onomatopoeia

[on-uh-mat-uh-pee-uh, ‐mah-tuh]
noun
1.
the formation of a word, as cuckoo, meow, honk, or boom, by imitation of a sound made by or associated with its referent.
2.
a word so formed.
3.
the use of imitative and naturally suggestive words for rhetorical, dramatic, or poetic effect.

Origin:
1570–80; < Late Latin < Greek onomatopoiía making of words = onomato- (combining form of ónoma name) + poi- (stem of poieîn to make; see poet) + -ia -ia

onomatopoeic, onomatopoetic [on-uh-mat-uh-poh-et-ik] , adjective
onomatopoeically, onomatopoetically, adverb
Dictionary.com Unabridged
Based on the Random House Dictionary, © Random House, Inc. 2014.
Cite This Source Link To onomatopoeia
Collins
World English Dictionary
onomatopoeia (ˌɒnəˌmætəˈpiːə)
 
n
1.  the formation of words whose sound is imitative of the sound of the noise or action designated, such as hiss, buzz, and bang
2.  the use of such words for poetic or rhetorical effect
 
[C16: via Late Latin from Greek onoma name + poiein to make]
 
onomato'poeic
 
adj
 
onomatopoetic
 
adj
 
onomato'poeically
 
adv
 
onomatopo'etically
 
adv

Collins English Dictionary - Complete & Unabridged 10th Edition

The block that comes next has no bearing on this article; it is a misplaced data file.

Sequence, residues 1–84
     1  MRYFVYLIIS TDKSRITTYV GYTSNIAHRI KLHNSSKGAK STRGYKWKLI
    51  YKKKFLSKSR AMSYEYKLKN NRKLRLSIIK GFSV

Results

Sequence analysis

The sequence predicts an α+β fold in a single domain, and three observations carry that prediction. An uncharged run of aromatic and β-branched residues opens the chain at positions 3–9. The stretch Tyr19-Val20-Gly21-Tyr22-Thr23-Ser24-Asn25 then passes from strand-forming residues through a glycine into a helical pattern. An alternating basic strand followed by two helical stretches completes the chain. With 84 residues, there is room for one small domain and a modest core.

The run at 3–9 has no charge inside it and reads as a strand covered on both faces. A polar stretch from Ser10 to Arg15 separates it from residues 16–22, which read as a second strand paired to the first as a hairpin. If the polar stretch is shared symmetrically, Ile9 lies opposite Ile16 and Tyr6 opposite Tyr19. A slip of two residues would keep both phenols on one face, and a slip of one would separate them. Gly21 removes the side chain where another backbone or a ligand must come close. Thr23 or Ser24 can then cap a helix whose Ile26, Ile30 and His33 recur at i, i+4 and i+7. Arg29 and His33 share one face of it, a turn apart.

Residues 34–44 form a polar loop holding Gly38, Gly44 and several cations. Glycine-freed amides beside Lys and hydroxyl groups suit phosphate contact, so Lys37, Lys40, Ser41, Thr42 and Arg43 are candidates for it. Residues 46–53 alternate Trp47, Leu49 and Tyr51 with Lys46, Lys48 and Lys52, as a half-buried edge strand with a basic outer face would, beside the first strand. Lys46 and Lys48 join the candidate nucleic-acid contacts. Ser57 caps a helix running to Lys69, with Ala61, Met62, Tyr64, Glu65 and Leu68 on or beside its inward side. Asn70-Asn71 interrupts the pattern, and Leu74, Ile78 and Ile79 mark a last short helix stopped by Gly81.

2009 © William Collins Sons & Co. Ltd. 1979, 1986 © HarperCollins
Publishers 1998, 2000, 2003, 2005, 2006, 2007, 2009
Cite This Source
Etymonline
Word Origin & History

onomatopoeia
1577, from L.L., from Gk. onomatopoiia "the making of a name or word" (in imitation of a sound associated with the thing being named), from onomatopoios, from onoma (gen. onomatos) "word, name" (see name) + a derivative of poiein "compose, make" (see poet).
Online Etymology Dictionary, © 2010 Douglas Harper
Cite This Source
Encyclopedia Britannica
Encyclopedia

onomatopoeia

the naming of a thing or action by a vocal imitation of the sound associated with it (such as buzz or hiss). Onomatopoeia may also refer to the use of words whose sound suggests the sense. This occurs frequently in poetry, where a line of verse can express a characteristic of the thing being portrayed. In the following lines from Sylvia Plath's poem "Daddy," the rhythm of the words suggests the movement of a locomotive: An engine, an engine Chuffing me off like a Jew.A Jew to Dachau, Auschwitz, Belsen.

Learn more about onomatopoeia with a free trial on Britannica.com.

Encyclopedia Britannica, 2008. Encyclopedia Britannica Online.
Cite This Source
Example sentences
The onomatopoeia signaling that serious money can be made here provokes furious tapping and scribbling.
Discuss rhyming, alliteration and onomatopoeia to encourage interesting names for bars.
Related Words
Copyright © 2014 Dictionary.com, LLC. All rights reserved.
  • Please Login or Sign Up to use the Recent Searches feature